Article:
By the peak of Irish immigration at the time of the famine, the Grosse Île Quarantine station was so overburdened that dozens of ships lined up to await their mandatory landing and inspection. This unfortunately created the century's perfect storm and national tragedy where almost five thousand Irish immigrants died, thus conjuring up the specter of the "coffin ships." The largest Irish burial ground outside the island of Ireland can be found on Grosse Île.
For those fortunate enough to survive the hardship of transatlantic travel conditions of the mid nineteenth century, the dream was of picking up life in a new world. While many Irish had left behind life in agrarian settings, most of the "Famine Irish" coming to Canada tended to settle in more urbanized areas. Often, they were seen as a source of "cheap labour that helped fuel the economic expansion of the 1850s and 1860s." This is exactly the scenario painted for our Tully family.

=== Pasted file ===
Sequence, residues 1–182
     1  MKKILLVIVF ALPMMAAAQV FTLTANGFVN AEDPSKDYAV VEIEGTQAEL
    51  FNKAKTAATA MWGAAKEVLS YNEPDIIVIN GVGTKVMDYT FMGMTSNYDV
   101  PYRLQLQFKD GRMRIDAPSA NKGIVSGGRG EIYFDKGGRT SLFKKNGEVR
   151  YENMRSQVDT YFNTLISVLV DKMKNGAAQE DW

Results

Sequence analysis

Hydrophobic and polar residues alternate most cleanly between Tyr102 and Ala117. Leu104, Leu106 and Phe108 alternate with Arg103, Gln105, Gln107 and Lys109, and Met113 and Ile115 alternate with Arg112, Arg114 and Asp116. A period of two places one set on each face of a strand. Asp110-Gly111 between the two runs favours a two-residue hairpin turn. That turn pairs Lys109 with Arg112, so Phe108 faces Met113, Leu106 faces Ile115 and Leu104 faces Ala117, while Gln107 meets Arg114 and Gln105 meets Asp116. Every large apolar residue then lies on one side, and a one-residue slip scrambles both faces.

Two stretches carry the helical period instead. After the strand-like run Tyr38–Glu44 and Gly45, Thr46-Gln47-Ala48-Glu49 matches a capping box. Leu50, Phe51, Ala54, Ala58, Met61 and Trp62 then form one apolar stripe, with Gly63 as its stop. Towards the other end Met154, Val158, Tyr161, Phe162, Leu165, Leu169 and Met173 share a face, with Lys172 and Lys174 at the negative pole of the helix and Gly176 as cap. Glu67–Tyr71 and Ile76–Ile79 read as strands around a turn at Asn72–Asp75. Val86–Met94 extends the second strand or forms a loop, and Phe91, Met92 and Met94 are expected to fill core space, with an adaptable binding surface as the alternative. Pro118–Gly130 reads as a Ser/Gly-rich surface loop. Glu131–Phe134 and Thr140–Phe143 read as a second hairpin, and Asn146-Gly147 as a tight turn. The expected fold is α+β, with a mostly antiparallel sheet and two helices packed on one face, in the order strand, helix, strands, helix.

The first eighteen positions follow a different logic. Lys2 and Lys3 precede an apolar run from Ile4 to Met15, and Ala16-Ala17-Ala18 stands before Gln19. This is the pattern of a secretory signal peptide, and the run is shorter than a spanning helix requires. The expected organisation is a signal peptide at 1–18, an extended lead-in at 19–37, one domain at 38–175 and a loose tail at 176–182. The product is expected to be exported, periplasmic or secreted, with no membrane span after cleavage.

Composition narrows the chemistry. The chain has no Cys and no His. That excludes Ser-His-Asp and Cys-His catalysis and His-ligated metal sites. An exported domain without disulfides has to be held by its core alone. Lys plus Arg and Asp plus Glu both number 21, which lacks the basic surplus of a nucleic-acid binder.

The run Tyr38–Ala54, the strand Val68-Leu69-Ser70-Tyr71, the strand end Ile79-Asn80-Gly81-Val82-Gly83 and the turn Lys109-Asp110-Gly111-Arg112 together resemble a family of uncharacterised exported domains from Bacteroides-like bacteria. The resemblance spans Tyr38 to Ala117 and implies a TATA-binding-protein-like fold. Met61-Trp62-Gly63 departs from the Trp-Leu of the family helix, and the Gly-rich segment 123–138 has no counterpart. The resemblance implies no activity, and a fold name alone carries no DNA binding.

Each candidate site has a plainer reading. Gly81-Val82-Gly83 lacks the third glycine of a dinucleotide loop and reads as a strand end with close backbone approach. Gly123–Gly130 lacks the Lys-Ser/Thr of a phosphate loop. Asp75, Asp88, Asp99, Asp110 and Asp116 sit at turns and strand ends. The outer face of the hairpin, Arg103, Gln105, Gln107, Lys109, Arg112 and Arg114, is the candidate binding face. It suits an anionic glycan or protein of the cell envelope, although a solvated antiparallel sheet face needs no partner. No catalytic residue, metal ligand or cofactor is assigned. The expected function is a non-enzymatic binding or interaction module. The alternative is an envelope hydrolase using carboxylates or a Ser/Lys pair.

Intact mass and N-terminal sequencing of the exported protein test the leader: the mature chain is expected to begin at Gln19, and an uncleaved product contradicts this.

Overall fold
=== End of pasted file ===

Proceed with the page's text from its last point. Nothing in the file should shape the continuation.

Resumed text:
Though there were some earlier offers of land for Irish immigrants—the Petersborough settlement being an example from the 1820s—it wasn't until after 1856 that Irish immigration was driven by such items as special land grants for Irish settlements, such as ones in North Hastings County.
Yet, the point at which the Tullys most likely arrived in Brant County was a time frame sandwiched in between these two points. Not of the generation able to take up Peter Robinson's offer of land at the settlement which eventually bore his name, nor considering emigration from Ireland at the time of the later offers of land grants, the Tully family's arrival coincided with that of the segment of the immigrant population most likely to become the bulk of a different type of trend: the trend of continuing that immigration onward, yet again.